Appeals board will handle disputes over vicious dogs in Whitehall
* Mayor John Wolfe suggests its members be only Whitehall residents, but Councilwoman Jackie Thompson says she fears impartiality.
By KEVIN CORVO
Published: Thursday, August 14, 2008 11:03 AM EDT
Whitehall is taking the next step in its effort to regulate vicious dogs in the city.
Whitehall City Council members are expected to pass an emergency ordinance at their next meeting, set for 7 p.m. Tuesday, Aug. 19, establishing a "dangerous and vicious dog appeals board" in the city code.
A companion ordinance, providing members with a $25 stipend for each meeting attended, will be introduced but receive its normal three readings.
The bulwarks of the appeals board were discussed at the meeting of council committees held Tuesday, Aug. 12, where lingering animosity over the original legislation concerning vicious dogs remained at the table.
The creation of the appeals board is an administrative process and lies in the hands of Mayor John Wolfe, who outlined his proposal at this week's three-hour committee meeting.
"If you don't like something, discuss it and change it," Wolfe said.
Wolfe proposed a five-member appeals board. Two of the original members would serve three-year terms, two would serve two-year terms and one would serve a single-year term. Each subsequent appointment would be for three years.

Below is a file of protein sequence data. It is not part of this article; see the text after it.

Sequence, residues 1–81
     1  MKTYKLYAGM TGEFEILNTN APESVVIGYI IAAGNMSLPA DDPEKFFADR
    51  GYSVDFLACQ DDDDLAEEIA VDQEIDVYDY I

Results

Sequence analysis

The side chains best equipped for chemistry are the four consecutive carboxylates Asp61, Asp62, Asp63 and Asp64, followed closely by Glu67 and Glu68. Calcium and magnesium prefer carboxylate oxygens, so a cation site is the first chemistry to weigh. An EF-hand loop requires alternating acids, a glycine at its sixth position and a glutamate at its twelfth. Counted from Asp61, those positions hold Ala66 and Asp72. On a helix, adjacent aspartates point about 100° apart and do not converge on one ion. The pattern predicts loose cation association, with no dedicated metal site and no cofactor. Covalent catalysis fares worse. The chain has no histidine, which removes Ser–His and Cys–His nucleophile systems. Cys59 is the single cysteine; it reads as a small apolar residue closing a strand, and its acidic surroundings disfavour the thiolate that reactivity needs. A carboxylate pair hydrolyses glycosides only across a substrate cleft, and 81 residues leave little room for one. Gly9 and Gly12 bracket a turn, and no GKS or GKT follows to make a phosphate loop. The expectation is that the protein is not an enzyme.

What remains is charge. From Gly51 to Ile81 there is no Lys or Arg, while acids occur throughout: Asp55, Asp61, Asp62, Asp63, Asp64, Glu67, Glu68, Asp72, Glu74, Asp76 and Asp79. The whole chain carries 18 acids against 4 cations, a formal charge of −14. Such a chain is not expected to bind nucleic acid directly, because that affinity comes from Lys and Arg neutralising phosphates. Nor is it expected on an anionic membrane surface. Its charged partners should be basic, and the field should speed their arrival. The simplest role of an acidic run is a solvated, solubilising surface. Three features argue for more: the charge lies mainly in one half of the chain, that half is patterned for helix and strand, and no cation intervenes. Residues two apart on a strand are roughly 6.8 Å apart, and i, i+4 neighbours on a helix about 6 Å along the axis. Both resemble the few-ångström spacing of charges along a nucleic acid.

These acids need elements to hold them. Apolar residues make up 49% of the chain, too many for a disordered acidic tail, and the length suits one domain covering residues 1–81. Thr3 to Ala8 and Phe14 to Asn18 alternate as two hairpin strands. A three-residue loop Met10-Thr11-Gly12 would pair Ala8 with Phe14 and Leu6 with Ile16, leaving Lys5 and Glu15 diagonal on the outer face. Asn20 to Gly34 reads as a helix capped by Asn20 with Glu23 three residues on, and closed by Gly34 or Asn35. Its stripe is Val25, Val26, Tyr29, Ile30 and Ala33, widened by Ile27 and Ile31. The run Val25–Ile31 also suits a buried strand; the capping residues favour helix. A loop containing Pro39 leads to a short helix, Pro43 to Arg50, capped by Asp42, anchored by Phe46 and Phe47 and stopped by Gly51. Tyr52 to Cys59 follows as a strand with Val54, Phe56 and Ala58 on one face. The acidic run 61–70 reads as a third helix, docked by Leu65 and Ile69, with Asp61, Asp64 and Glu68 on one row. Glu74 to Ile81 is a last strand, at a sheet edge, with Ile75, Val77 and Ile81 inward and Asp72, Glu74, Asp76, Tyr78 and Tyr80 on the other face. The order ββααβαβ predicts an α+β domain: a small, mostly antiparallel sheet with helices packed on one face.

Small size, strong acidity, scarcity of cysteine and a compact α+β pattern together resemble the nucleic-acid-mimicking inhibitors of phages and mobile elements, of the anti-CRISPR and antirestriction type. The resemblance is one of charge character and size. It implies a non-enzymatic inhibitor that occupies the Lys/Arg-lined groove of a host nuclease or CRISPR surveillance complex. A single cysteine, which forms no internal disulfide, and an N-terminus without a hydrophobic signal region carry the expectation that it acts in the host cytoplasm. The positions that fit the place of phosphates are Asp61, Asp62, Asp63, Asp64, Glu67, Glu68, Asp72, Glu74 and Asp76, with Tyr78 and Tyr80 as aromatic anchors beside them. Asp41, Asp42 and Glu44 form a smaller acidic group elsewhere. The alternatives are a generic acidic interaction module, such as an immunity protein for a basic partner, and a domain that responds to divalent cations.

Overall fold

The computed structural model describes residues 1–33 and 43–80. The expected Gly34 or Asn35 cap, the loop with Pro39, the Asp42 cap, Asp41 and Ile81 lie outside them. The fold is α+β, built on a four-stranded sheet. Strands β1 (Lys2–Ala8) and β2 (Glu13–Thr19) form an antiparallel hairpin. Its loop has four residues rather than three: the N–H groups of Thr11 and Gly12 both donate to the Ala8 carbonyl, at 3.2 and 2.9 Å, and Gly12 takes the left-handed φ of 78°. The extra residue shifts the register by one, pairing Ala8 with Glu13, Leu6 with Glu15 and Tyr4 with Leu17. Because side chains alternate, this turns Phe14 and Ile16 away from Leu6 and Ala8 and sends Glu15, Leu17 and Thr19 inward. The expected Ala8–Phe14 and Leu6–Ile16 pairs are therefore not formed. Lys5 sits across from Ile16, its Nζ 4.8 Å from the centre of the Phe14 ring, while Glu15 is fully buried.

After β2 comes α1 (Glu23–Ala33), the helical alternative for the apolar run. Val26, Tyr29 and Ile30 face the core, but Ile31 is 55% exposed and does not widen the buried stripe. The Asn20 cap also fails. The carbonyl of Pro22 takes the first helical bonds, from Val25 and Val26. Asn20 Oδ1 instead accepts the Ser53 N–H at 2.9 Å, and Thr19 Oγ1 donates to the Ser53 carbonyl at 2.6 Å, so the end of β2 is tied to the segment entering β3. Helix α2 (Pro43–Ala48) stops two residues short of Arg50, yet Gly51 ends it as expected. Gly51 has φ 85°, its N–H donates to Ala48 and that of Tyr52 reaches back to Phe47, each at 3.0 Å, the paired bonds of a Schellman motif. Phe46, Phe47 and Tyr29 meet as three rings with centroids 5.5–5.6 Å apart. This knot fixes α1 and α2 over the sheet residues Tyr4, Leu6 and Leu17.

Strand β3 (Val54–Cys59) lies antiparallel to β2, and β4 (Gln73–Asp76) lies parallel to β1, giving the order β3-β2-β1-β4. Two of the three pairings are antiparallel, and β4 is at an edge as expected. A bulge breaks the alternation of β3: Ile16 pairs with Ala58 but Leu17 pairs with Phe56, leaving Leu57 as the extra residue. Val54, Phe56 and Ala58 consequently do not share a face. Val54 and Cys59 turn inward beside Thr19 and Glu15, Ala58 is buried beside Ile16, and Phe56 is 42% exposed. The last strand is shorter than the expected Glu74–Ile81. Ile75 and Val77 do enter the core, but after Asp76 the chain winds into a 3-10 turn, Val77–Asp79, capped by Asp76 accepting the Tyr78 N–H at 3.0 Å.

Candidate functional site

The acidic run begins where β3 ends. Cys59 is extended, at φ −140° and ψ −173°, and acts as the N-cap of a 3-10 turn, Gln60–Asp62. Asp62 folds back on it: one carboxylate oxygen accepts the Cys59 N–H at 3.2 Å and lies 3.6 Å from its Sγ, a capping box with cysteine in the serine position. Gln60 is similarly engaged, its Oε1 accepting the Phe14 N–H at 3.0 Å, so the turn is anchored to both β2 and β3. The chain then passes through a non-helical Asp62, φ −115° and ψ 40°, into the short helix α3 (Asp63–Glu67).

All five members must reside in Whitehall.
"I limited it to Whitehall based on the past concern of outsiders (participating in meetings)," Wolfe said.
Councilwoman Jackie Thompson, whose legislation to ban pit bulls was defeated, often charged that the "pit bull lobby," composed of animal activists from throughout Central Ohio, successfully swayed the majority of Whitehall council members to nix her ban.
However, Thompson said she now fears an all-Whitehall appeals board would not be impartial, particularly if a specific group, Help Fido, were involved.
Councilman Bob Bailey, who forwarded the legislation council accepted concerning vicious dogs, said the organization was an "instrument to help the city."
Thompson countered the group functioned as a lobby, pointing out the antibreed-specific literature the group had at its booth Aug. 5 during National Night Out.
"I saw it, too ... everyone needs to stop teaming up on Jackie," said Councilwoman Leslie LaCorte, who was the lone supporter of Thompson's pit bull ban effort.
Bailey and LaCorte began another exchange, at which time Council President Brent Howard repeatedly ordered, "We're done."
City Attorney Mike Shannon, addressing Thompson's concerns about third-party participation in appeals board matters, said only those with "standing" are permitted to testify.
"It isn't like a council meeting where anyone can speak about anything ... only parties with standing, such as the owner of the dog, will speak the (appeals board) meetings," Shannon said.
According to the mayor's proposal, the board would be required to have one mandatory, organizational meeting on the first Wednesday in January to select officers and a secretary. Future meetings would be held as needed.
"The appeals board is to serve as an impartial tribunal to determine if a dog is vicious (or in fact a pit bull)," Shannon said. Decisions can be appealed to the Franklin County Common Pleas Court.
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Bless the Bullys